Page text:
To Learn the Sky, Ditch the Technology

by Rod Kennedy

July is the height of summer.  A great time for all kinds of outdoor activities from picnics to hiking and camping.  Camping trips are a great chance to get back to our primitive roots and experience the outdoors, including the sky.  So often we linger under a light polluted sky that we fail to appreciate the wonders of the sky that our ancestors did.  While technology like telescopes and binoculars can enhance the wilderness sky experience, some technologies are not well suited to the task of learning the sky.

Today there are a wide variety of “desktop planetarium” softwares available, some of them free.  While these programs are great for learning the sky when the weather is inclement, or controlling back yard observatories, they are not practical for family camping trips.  Primarily because of the risks involved with any trip into the outdoors.  However, most of them can print useful star charts that can be taken on family outings.  These charts can be printed for certain sections of the sky or for the entire sky depending on how much detail you are looking for.

One of the latest tech crazes is the night sky app available for most smart phones.  These apps allow the user to point the phone at the sky and get a picture of the constellation, stars and planets that are in the field of view at that moment.  While this is truly brilliant technology, it too has certain draw backs.  First, if you are out of a coverage area (as some wilderness areas are) your phone will search for signal continuously, thus draining battery power.  Second, the bright screen of most smart phones impairs your night vision, making most faint objects invisible.  This is also a drawback of using a computer in the field.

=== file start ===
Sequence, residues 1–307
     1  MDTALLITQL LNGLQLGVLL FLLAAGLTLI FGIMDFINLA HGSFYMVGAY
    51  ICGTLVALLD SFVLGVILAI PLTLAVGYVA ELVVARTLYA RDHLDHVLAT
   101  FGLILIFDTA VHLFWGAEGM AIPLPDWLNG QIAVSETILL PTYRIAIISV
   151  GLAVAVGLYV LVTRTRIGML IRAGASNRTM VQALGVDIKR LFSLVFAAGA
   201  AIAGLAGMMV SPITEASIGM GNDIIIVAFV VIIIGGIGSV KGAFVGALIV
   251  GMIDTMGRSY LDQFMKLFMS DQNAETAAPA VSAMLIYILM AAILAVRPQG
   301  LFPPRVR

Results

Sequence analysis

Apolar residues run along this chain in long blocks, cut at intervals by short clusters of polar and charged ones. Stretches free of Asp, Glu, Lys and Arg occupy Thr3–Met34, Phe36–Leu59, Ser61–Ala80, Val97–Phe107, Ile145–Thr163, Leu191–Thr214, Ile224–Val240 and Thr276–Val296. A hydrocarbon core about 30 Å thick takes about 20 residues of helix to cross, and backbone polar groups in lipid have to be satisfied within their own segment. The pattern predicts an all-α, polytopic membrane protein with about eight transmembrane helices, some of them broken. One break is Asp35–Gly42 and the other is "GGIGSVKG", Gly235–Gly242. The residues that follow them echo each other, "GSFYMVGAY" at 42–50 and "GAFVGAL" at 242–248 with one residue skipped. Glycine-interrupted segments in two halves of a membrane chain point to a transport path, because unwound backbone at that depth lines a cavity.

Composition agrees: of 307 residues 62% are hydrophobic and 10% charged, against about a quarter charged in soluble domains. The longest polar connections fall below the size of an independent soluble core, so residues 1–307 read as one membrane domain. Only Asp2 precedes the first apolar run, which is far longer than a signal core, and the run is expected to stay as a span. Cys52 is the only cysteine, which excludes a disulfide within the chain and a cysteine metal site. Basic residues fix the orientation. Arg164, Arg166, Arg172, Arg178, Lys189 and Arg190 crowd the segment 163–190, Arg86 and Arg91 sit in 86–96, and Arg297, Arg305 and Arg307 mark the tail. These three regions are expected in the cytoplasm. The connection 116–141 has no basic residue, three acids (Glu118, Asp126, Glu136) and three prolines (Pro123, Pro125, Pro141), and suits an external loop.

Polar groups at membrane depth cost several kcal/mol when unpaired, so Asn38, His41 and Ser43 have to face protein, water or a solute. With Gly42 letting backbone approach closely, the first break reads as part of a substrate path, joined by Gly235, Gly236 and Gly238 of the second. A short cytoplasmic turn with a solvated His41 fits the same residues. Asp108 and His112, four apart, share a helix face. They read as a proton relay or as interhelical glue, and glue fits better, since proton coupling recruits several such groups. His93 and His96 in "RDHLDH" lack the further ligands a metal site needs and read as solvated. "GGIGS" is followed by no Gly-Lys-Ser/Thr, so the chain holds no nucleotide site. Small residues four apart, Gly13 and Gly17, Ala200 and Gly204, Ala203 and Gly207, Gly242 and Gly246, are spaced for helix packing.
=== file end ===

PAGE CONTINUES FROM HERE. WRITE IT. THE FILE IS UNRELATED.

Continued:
So how does one learn the sky without the use of high tech gadgets?  It is easiest to begin with the bright stars.   In the West we find Arcturus in Boötes the Herdsman.  To find Arcturus follow the curve of the Big Dipper’s handle toward the West.  Arcturus is a bright orange star high in the West.  Following the line further down toward the horizon we find Spica in Vrigo the Maiden.

Looking to the South we find Antares in Scorpius.  Slightly to the East of Scorpius is Sagittarius the Archer.  Sagittarius doesn’t really look like the mythical centaur that it is supposed to be; instead it looks more like a tea pot or old style coffee pot.

In the East we find the 3 bright stars of the Summer Triangle: Vega, Altair and Deneb.  These are the 3 brightest stars of Lyra the Harp, Aquila the Eagle, and Cygnus the Swan.  These 3 stars and their associate constellations will be high in the eastern sky throughout July.

Many telescope and scientific equipment companies sell a variety of gadgets to “enhance” the sky watching experience.  However, gadgets can fail if they are dropped or dunked in water; and their batteries can run out of charge under conditions of extreme heat.  While technology appeals to the geek in all of us, it can never replace a well rounded knowledge of the sky.

July 2011 Chart

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